One of the most interesting questions we’re grappling with right now on the Impact team at Acumen is how to develop a more robust, rigorous, and transparent form of quantifying the social value our companies create. While I don’t believe we will ever fully understand all the social value created – and while there will always be room for debate and interpretation – I do think today we have the tools to get a lot closer to customers and hear how they value products.
And if we can figure this out in a clear and compelling enough way, I believe that would open the door to creating a true marketplace for social impact.
What we’ve learned with our Lean Data Initiative is that we can, thanks to the prevalence of mobile phones and other enabling technologies, now quickly and easily gather data directly from our customers in ways that drive insights for us and our companies – everything from customer loyalty metrics to poverty levels of who is being reached to customer satisfaction.
What we’ve been kicking around – and where I’d love your help – is the best approach to quantifying self-reported value.
Meaning, after a customer has purchased a product (a solar light, safe drinking water, an improved seed) and experienced the benefit, what are the best, most reliable ways to ask her how much she values that product? Because she is the one who is living it, accruing benefit from it, she is best placed to explain what it’s worth to her.
We’ve been having fabulous conversations on our team, conversations that get back to the basics about things like consumer surplus and why demand curves slope down; conjoint/discreet choice analysis to get to revealed preferences; and things as simple as asking how much, having experienced a product, someone would have been willing to pay for it.
To clarify the kinds of things we’re thinking about and where I’d love your thoughts:
- How to best phrase questions that help Acumen’s customers accurately articulate the value they get from a product or service
- Whether there’s a best way to ask “how much would you have paid” after people have a product to understand how much they value it
- Prize-based, conjoint approaches where we give a subset of folks $100 to spend on one of a few bundles of goods / services, to understand real rank-order preferences
I’d appreciate ideas for approaches that might help us get the answers we’re looking for. Suggestions welcome in the comments or please just email me directly.
5 thoughts on “Lean Data Goes Deeper”
One fairly well-known approach of which you may already be aware is the Net Promoter question:
“How likely is it that you would recommend X to a friend or colleague?”
See e.g. https://en.wikipedia.org/wiki/Net_Promoter for more details.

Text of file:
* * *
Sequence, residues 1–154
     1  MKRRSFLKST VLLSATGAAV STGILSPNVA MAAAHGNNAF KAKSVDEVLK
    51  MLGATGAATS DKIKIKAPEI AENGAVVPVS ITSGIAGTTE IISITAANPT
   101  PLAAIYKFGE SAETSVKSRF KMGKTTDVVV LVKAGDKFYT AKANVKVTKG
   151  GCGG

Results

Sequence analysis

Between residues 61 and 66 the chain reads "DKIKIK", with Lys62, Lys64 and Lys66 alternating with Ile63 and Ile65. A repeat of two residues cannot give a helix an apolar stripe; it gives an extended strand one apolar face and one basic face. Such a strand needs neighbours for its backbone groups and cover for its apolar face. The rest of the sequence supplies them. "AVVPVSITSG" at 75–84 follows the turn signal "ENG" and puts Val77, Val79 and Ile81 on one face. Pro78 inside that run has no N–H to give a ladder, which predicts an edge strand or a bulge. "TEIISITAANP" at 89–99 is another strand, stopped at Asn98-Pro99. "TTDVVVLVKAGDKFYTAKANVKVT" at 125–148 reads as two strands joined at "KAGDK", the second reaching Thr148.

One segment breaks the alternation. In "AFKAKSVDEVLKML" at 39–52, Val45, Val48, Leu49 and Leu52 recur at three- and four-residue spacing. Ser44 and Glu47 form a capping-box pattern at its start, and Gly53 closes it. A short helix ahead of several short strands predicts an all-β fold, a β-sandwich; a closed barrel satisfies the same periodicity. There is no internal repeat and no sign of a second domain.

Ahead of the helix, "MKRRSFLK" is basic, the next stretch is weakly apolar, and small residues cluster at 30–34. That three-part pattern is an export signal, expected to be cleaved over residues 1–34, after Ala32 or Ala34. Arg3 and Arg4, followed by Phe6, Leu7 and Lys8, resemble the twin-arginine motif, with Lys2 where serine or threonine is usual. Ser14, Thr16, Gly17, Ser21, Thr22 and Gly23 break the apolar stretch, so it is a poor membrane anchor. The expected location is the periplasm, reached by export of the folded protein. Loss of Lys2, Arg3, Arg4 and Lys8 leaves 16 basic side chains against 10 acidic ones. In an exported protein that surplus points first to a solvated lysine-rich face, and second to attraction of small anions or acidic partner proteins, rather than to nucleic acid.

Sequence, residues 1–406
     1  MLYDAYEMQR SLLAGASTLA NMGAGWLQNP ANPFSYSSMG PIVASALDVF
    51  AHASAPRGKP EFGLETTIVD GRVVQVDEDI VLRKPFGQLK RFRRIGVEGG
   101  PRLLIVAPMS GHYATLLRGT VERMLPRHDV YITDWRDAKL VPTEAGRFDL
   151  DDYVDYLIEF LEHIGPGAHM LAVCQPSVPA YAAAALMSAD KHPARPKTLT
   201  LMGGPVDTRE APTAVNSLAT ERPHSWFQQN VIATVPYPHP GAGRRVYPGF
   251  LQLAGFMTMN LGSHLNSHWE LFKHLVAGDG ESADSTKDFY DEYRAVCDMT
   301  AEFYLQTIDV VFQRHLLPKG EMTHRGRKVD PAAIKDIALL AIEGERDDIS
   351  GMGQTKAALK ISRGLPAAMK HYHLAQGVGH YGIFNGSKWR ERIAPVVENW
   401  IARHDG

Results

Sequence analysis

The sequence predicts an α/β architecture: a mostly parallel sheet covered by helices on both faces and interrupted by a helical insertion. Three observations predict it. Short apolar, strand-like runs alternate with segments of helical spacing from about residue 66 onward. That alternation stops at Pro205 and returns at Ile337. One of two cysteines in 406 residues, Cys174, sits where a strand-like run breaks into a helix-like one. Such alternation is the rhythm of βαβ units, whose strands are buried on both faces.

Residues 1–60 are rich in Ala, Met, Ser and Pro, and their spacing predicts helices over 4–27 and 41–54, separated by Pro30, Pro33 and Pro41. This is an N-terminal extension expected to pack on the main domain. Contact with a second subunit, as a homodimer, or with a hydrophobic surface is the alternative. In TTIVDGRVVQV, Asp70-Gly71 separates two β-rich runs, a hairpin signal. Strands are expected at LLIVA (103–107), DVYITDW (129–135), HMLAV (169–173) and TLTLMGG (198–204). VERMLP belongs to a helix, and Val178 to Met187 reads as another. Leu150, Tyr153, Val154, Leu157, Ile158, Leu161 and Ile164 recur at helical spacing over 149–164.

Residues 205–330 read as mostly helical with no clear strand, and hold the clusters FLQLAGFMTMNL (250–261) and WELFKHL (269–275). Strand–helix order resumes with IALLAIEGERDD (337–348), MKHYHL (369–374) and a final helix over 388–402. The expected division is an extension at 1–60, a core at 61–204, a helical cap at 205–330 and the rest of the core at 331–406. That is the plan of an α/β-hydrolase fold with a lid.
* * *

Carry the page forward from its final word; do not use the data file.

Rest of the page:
While I don’t put much emphasis on the interpretation of the resulting score, I find this technique useful to gauge the _change_ in sentiment before and after introducing X. WIth a group I’ll use body voting to show the initial response to the question and ask people to remember where they are standing. After they’ve experienced the product/service, I have them stand where they were before and then, on a signal, slowly move to their new position corresponding to their post-experience answer. This gives an excellent (and public) view of the collective reported change, which can be positive or negative for each individual, and can be videoed if required.
Thank you! How would you do NPS in this case if in the “before” they haven’t got the product (solar light, etc)?
Sasha, it would depend on the level of their prior knowledge and capability to visualize what the product might be like. If necessary I’d give people enough information so they’d have at least a practical understanding of its capabilities.
Perhaps something like: “Let’s pretend that you own X that allows you to do A, B, C, D…” Provide enough information and examples to make X & A-D clear and vivid.
Then “How likely is it that you’d recommend X to your friend/family/folks in neighboring village/etc. as appropriate?”
Thank you. Interesting. I’d never heard of NPS being used for non-customers.
My first thought was to say as a second buyer “we’d like to buy this product from you” And see see for how much they would ask for it. However, for some products this type of frame would not work. In that case, similar to the suggestion of “would you recommend it to a friend” to ask as a friend of the consumer, “I’m offered this product for x price. Would you say I buy it?” Getting access to this third-party data would have to be thought out.